Colin Thorner
@ I think $25-30 would be fair. I would defiantly consider going then
Ryan Haley
@ $45 for the weekend. You're going to have to open the wallet to attend the Frozen Four. Don't do it twice.
Joe LaCour
“@: Are ticket prices keeping you" $35-$45 should be reasonable for regionals. Reg season is $12-$18. $77 is ridiculous!!
Jim Pickens
@ $30 is the max for a game that is 50% full, especially with teams I don't care about. $50 is ridiculous even for Gophers-UND.
Kyle Shiely
@ $25 would have been nice. Paying $45 each for 2 games Saturday and $75 each for Hawks/Wings Sunday. #hockey #GoHawks #twice
Douglas Cutler
@ Over $50 with charges just to attend Sat in Prov. For $25-30, sure. But going to watch on ESPNU.

And we couldn’t help but notice these responses, too:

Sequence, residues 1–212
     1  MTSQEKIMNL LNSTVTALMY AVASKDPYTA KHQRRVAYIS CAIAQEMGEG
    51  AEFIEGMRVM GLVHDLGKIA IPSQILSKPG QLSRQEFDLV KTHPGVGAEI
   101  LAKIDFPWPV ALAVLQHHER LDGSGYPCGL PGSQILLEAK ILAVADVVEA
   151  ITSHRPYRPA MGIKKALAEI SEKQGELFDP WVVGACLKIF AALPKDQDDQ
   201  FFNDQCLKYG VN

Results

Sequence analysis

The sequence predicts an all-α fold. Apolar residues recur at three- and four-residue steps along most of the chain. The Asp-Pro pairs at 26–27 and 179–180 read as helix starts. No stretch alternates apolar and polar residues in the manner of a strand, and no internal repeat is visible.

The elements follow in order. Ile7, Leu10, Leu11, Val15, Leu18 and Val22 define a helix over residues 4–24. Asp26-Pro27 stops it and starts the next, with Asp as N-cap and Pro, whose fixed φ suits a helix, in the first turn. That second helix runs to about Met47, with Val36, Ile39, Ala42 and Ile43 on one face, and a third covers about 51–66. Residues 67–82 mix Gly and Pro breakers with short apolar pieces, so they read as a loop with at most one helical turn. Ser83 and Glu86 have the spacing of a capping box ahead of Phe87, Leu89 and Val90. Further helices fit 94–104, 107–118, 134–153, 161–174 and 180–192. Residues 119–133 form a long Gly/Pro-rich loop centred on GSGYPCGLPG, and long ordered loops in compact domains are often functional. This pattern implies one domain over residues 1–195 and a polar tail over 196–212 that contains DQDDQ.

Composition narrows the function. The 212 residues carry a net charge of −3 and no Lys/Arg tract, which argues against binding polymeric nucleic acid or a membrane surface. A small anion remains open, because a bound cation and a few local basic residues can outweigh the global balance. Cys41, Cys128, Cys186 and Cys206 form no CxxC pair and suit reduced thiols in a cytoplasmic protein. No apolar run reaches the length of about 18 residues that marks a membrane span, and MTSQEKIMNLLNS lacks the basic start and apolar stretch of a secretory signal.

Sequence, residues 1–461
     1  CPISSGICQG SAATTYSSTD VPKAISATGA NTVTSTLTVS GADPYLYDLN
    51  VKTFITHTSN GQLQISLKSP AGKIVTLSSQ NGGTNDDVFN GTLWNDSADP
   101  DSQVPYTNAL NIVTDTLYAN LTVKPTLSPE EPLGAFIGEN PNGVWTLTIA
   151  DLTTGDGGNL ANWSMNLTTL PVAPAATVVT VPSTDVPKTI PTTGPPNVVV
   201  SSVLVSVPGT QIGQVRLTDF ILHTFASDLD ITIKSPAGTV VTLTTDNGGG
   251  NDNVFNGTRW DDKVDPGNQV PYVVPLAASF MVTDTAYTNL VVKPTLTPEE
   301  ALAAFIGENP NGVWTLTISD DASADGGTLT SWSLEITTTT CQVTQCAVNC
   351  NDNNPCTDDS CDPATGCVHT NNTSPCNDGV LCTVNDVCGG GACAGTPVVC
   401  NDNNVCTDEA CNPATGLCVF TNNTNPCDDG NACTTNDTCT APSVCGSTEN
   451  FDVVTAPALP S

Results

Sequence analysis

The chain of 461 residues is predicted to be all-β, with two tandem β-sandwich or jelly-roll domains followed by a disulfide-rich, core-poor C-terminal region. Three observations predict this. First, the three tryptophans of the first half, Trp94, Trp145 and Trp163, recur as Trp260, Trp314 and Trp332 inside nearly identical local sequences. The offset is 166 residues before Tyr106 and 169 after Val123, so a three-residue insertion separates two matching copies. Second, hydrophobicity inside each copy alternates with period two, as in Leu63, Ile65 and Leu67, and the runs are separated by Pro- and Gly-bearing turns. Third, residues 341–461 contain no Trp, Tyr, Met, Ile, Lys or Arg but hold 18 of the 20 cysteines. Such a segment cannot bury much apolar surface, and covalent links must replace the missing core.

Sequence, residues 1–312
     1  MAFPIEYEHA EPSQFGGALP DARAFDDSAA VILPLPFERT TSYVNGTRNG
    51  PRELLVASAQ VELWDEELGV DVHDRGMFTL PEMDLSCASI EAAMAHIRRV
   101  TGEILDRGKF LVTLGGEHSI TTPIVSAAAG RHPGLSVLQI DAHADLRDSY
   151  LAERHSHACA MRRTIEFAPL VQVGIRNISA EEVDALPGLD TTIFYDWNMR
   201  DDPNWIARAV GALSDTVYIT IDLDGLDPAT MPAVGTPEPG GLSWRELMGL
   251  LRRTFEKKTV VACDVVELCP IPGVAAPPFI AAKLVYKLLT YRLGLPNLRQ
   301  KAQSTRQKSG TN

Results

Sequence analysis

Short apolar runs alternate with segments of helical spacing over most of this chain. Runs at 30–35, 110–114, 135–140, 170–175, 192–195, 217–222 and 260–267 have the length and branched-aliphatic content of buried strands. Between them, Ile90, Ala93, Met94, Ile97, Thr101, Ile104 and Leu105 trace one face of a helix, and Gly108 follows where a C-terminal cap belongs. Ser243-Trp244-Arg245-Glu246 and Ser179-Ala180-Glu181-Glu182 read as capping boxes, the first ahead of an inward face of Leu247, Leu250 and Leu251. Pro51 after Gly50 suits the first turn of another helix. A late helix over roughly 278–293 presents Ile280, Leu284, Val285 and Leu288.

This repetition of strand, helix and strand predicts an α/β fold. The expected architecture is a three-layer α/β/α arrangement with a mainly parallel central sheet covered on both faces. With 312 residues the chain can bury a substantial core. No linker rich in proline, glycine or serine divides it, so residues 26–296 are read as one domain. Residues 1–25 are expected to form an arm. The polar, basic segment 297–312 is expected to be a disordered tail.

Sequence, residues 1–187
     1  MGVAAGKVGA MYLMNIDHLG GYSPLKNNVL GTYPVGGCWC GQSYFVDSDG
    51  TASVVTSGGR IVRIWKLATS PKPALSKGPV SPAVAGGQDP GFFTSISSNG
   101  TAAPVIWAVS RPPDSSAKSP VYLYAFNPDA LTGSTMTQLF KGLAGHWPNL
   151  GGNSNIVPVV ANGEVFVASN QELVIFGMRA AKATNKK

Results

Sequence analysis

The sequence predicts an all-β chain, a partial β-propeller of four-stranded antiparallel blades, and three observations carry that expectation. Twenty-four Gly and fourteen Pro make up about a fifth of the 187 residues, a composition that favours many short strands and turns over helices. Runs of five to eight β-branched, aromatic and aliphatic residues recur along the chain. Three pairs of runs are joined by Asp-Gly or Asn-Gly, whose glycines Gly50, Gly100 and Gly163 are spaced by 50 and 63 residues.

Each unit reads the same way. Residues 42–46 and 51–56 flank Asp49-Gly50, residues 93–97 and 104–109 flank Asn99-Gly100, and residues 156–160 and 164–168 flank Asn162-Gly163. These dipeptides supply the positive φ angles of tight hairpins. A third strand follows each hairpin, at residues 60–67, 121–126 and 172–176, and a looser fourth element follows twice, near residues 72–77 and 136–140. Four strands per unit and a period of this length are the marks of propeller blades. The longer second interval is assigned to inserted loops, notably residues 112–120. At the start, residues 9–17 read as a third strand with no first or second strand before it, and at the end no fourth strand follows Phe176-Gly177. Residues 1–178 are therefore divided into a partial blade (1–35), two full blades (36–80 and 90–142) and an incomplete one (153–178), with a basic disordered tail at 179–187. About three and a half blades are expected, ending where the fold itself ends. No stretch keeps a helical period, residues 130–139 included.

@ its a joke! 45$ for single game tickets. This isn't the NHL. Not to mention a "casual" fan won't pay that let alone some real fans
Stephen Minnesota
@ bad regional choices too. All are in the EASTERN time zone. You wonder why attendance is down. Seriously, take a look around.
Stephen Minnesota
@ how about a site in a time zone that's not eastern.
Justin Lewis
@ Wow. I haven't had to buy tickets in a while. $87 is a LOT. And it's a pain to get to the point where the site tells you the prices.
Mark H. Anbinder
@ Put them in cities that are easy to get to by air. G-Rap, Toledo, Worcester, Manchester? Come ON. Dont make me rent a car AND fly in.
Adam Chappelle
@ Ohio State and their insistence on producing losing teams is keeping me away
Casey Todt
@ only want 1 game. Don't want to pay for a game I'm not into. I'll get em out front on gameday for less
@ Absolutely! $75 for Toledo/3 games. Thats equal to 5 Walleye games and at least 7 #BGSU_Hockey games. Add concessions on top of that?
Ian Hoadley
@ Nope.. Terrible locations are keeping me away!
N. Teele Schneider